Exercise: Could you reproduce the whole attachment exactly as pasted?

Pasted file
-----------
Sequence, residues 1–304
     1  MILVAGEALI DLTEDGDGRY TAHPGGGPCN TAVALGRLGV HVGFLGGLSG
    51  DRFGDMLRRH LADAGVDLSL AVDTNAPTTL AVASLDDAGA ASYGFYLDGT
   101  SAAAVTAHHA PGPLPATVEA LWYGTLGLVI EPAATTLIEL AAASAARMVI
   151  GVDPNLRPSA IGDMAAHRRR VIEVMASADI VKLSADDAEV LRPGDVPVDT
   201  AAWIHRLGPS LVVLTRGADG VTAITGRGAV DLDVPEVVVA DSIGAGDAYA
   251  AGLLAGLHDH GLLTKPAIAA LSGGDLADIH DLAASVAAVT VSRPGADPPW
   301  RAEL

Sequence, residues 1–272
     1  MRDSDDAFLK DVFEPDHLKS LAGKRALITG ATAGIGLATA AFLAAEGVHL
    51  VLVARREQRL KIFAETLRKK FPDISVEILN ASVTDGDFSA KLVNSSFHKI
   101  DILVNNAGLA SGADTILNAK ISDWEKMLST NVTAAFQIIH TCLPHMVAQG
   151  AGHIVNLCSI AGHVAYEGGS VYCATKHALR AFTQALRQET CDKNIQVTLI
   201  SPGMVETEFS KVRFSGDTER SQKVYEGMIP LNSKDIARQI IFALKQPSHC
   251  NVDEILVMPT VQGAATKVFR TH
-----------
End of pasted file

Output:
Sequence, residues 1–304
     1  MILVAGEALI DLTEDGDGRY TAHPGGGPCN TAVALGRLGV HVGFLGGLSG
    51  DRFGDMLRRH LADAGVDLSL AVDTNAPTTL AVASLDDAGA ASYGFYLDGT
   101  SAAAVTAHHA PGPLPATVEA LWYGTLGLVI EPAATTLIEL AAASAARMVI
   151  GVDPNLRPSA IGDMAAHRRR VIEVMASADI VKLSADDAEV LRPGDVPVDT
   201  AAWIHRLGPS LVVLTRGADG VTAITGRGAV DLDVPEVVVA DSIGAGDAYA
   251  AGLLAGLHDH GLLTKPAIAA LSGGDLADIH DLAASVAAVT VSRPGADPPW
   301  RAEL

Sequence, residues 1–272
     1  MRDSDDAFLK DVFEPDHLKS LAGKRALITG ATAGIGLATA AFLAAEGVHL
    51  VLVARREQRL KIFAETLRKK FPDISVEILN ASVTDGDFSA KLVNSSFHKI
   101  DILVNNAGLA SGADTILNAK ISDWEKMLST NVTAAFQIIH TCLPHMVAQG
   151  AGHIVNLCSI AGHVAYEGGS VYCATKHALR AFTQALRQET CDKNIQVTLI
   201  SPGMVETEFS KVRFSGDTER SQKVYEGMIP LNSKDIARQI IFALKQPSHC
   251  NVDEILVMPT VQGAATKVFR TH